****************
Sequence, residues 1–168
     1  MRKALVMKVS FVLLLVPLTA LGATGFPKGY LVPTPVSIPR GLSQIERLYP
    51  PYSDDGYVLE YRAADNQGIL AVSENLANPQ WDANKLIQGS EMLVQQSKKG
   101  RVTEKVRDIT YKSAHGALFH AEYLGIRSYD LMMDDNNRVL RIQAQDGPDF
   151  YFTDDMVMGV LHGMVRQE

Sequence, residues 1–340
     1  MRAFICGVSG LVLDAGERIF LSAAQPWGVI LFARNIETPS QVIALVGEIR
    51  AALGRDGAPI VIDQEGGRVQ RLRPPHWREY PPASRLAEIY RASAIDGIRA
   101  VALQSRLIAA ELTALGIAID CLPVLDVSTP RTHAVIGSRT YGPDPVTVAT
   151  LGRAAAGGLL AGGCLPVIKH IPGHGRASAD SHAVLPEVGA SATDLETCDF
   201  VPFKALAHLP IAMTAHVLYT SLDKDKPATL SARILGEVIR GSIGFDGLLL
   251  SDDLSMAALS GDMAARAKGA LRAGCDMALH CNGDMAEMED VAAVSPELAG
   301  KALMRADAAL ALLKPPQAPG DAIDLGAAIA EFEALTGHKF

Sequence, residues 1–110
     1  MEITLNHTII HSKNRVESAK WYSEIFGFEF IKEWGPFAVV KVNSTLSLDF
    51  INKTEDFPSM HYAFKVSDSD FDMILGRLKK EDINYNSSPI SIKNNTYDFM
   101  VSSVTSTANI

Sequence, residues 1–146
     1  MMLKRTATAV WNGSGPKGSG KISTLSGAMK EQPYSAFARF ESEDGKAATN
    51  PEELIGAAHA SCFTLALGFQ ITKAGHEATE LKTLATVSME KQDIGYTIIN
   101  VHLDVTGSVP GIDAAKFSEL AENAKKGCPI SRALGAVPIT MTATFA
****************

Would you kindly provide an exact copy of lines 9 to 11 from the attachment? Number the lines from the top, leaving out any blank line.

   101  VALQSRLIAA ELTALGIAID CLPVLDVSTP RTHAVIGSRT YGPDPVTVAT
   151  LGRAAAGGLL AGGCLPVIKH IPGHGRASAD SHAVLPEVGA SATDLETCDF
   201  VPFKALAHLP IAMTAHVLYT SLDKDKPATL SARILGEVIR GSIGFDGLLL